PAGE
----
- The Washington Times - Monday, July 29, 2019

D.C. Mayor Muriel Bowser on Monday urged residents, businesses and organizations to the participate in the city’s Private Security Camera System Incentive Program in an effort to prevent crime and help police capture criminals.

The rebate program has funded the purchase and installation of more than 15,000 surveillance cameras on private properties since the program was launched in May 2016.

Miss Bowser admitted that it’s not known how many crimes the cameras have deterred but said they still help the Metropolitan Police Department make the District more secure.

“We all know that reducing crime is not just MPD’s job, but is the community’s job, every agency of our government and everybody who cares about creating a safer, stronger Washington,” the mayor said Monday during a press event outside Jackie Lee’s bar in Northwest, where a drive-by shooting happened on New Year’s Eve.

According to Michelle Garcia, director of the Office of Victim Services and Justice Grants, program participants can choose to purchase a camera from any retailer, install it on the exterior of their property, register the cameras with the police department and submit an application to receive the rebate.

For residents who cannot afford the upfront costs, a voucher program can provide assistance. The program offers a maximum rebate of $500 for residences and $750 for other eligible locations.

Vivian Cam, owner of Wonder Nails, said she has cameras inside her salon but would like more surveillance outside her business — although she fears retaliation from would-be criminals.

“It freaked me out a little after the incident a couple months ago, when the guy got shot there [in front Jackie Lee’s] and they used tapes to investigate,” Ms. Cam said. “There is just a lot going on around here. I am afraid people will come after me if I am the one to show.”

She said she is more inclined to buy the cameras since the Jackie Lee’s shooting, adding that the rebate program would help her.

Darrion Gates, who works next door at Bridgeway Counseling Center in Northeast, expressed excitement about caution about the program.

“We don’t have this yet, but I am going to talk to my CEO to see if we can get this system. It really would help,” Mr. Gates said. “I would be cautious too because the government says one thing, and then they do another. I am cautious. Be respectful, be cautious and be open.”

Ms. Garcia said the registering cameras with the Metropolitan Police does not give the department access to their systems and footage. The footage belongs to the cameras’ owners, who have the right to release it or not.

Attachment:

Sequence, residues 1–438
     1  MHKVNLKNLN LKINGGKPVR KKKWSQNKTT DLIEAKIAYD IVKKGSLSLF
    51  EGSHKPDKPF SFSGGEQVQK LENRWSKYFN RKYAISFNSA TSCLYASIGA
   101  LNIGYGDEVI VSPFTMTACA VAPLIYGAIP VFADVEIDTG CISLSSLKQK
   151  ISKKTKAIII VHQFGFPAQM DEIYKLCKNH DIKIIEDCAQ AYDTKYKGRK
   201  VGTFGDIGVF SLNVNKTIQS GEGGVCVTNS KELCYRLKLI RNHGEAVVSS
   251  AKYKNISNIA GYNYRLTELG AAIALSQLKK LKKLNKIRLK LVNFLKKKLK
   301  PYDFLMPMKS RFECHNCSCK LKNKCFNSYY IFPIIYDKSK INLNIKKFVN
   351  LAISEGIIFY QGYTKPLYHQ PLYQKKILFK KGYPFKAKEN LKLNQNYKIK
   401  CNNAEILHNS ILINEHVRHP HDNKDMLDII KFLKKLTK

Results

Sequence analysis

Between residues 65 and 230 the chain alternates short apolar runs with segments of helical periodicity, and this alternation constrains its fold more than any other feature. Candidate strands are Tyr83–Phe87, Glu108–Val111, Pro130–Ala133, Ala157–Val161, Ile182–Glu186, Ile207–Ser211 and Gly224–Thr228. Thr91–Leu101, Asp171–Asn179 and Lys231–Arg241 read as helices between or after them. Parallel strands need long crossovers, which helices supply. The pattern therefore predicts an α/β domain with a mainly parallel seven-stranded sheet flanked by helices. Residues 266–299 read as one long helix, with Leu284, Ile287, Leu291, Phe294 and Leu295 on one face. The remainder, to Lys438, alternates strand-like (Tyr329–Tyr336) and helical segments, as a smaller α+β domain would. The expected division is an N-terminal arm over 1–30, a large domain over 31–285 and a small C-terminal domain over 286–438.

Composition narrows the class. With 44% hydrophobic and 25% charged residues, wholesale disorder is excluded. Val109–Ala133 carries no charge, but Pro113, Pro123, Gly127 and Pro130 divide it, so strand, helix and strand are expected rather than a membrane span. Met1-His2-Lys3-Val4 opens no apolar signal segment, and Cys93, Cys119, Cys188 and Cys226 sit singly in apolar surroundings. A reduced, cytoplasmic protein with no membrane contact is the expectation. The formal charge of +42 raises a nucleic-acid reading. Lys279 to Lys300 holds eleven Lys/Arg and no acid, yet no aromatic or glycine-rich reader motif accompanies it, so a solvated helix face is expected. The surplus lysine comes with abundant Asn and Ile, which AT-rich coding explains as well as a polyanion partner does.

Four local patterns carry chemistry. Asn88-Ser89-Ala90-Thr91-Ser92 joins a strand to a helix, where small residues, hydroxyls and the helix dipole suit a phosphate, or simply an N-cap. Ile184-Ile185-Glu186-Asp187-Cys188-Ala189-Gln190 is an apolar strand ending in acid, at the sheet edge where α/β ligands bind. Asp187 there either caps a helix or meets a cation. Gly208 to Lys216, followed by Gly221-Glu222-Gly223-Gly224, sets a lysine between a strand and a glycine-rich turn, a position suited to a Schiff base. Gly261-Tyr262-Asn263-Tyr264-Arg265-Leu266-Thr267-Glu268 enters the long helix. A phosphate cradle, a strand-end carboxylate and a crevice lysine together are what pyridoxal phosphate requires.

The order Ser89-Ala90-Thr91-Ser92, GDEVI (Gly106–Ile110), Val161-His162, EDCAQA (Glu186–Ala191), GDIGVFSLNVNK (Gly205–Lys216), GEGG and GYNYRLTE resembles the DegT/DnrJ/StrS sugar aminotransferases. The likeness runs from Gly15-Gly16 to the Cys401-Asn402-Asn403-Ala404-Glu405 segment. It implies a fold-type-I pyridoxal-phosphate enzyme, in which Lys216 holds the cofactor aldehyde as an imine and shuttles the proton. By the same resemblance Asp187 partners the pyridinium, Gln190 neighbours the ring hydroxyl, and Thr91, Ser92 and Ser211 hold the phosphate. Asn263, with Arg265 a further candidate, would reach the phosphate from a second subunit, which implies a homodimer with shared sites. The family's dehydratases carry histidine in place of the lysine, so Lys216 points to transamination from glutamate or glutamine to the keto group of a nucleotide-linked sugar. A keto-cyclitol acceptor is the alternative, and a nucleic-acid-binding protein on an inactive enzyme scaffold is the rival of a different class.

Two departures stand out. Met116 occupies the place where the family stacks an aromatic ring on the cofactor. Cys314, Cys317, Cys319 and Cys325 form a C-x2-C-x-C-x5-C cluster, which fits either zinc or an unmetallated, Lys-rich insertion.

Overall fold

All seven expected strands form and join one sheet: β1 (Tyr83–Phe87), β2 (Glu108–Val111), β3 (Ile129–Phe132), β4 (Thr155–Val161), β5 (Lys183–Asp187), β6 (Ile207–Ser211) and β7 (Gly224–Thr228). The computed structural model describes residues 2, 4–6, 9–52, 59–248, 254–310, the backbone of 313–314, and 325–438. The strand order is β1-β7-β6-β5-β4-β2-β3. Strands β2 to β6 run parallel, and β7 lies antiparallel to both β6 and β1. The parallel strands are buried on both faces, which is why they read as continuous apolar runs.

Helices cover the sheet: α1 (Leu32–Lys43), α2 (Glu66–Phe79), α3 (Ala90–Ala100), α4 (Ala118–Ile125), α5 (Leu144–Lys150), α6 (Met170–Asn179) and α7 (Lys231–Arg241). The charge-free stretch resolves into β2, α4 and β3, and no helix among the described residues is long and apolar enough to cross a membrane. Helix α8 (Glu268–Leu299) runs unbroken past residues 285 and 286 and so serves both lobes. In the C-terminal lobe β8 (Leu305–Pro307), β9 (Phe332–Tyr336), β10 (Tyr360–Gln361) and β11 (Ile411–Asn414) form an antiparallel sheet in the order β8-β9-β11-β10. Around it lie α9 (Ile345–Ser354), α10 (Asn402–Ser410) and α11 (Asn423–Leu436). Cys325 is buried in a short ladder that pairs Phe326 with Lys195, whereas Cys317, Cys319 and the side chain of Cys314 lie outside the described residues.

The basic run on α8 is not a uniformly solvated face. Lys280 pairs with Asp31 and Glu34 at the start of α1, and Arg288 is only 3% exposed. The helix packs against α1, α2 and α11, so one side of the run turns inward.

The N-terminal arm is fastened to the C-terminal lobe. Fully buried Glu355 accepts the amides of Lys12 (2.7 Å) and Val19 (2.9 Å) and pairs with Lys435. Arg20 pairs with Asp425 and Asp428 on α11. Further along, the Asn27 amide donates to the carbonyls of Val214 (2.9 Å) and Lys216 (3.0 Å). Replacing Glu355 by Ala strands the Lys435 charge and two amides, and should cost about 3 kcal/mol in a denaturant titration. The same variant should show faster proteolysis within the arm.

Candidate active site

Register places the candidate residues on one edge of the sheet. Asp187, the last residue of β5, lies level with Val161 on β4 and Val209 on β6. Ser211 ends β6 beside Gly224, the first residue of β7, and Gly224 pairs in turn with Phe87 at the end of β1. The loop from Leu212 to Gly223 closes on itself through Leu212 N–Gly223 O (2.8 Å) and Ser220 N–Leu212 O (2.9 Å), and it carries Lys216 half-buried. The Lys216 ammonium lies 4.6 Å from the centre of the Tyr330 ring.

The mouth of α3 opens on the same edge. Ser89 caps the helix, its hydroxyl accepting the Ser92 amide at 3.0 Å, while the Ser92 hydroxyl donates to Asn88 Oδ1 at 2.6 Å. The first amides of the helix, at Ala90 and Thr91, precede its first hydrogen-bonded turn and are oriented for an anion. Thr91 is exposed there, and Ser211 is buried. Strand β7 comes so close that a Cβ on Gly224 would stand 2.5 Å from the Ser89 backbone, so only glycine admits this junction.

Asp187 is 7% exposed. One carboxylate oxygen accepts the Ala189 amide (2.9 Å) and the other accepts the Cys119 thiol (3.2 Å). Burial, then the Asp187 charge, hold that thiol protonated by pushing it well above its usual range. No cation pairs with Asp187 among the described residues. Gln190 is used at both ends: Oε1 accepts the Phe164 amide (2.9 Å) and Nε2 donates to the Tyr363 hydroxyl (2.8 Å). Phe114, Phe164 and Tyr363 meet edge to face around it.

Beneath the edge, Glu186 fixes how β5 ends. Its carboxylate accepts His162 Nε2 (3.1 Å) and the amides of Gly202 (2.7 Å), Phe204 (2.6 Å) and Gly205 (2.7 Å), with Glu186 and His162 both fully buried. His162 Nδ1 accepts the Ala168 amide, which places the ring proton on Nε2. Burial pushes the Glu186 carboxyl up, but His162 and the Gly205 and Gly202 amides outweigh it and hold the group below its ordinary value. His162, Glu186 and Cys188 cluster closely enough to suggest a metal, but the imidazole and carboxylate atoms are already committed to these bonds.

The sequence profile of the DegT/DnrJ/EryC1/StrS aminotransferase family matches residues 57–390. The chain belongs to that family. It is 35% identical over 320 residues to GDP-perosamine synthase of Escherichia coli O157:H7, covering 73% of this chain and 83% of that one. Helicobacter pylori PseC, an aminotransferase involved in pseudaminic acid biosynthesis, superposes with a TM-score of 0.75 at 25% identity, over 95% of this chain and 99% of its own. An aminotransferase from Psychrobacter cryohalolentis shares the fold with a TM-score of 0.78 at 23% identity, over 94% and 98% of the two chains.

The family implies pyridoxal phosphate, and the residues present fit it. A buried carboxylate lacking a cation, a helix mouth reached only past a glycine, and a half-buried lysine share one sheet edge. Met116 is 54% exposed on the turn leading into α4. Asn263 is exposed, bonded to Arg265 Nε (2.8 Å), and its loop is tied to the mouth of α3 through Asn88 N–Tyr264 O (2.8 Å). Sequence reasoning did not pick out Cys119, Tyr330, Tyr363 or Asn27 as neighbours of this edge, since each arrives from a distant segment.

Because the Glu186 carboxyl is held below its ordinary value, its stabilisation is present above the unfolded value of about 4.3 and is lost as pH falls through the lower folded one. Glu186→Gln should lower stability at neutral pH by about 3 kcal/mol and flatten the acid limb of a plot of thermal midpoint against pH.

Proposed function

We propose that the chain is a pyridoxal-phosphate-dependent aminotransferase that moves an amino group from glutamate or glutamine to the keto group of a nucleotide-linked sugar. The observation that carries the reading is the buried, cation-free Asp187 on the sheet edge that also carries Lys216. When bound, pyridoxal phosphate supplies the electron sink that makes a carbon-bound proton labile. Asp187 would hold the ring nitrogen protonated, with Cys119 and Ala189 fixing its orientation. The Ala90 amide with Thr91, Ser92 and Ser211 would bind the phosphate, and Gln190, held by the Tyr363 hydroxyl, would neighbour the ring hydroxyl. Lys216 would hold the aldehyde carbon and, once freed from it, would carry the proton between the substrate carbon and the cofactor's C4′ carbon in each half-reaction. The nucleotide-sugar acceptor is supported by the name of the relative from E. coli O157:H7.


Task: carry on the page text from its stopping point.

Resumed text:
Kara Frederick, a technology researcher at the Center for a New American Security, said the program offers a unique balance between security and individual privacy, which needs to be respected.

“The use of this footage should not be mandated to be provided to MPD, there should not be a compulsion mechanism where the government compels the gov to provide that data,” Ms. Frederick said in an email. “Digital surveillance is not inherently bad, but it’s the way its used and how its used that it can be.”

The surveillance, according to Miss Bowser, is most beneficial in helping law enforcement catch perpetrators.

“Video footage can be critical in helping to bring perpetrators to justice. We see it time and time again, when we have video footage of a crime we can get that information out to the community faster and the community can help us solve a crime,” the mayor said.

According to the Private Security Camera Incentive Program Report, in the month of July there was “one arrest made in a homicide case in which video footage was extracted from a security camera owned by a program participant.”

For Cleashay China Sutton, owner of the Studio Elan beauty salon, rapid growth in city population and crime prompted her to enroll in the program. She said the process for registration and receiving the rebate was easy.

“I wanted extra security,” she said. “I highly recommend it because it helps to increase the visibility to show that we have safety components in place.”

Miss Bowser plans to continue community outreach to inform residents, businesses, nonprofits and religious groups that they have options for increasing surveillance outside their properties.

Ms. Frederick, the technology researcher, noted the program provides for tech literacy, which is key to maintaining transparency.

“Enhancing public safety and security while providing for individual privacy is the best of both worlds,” she said.

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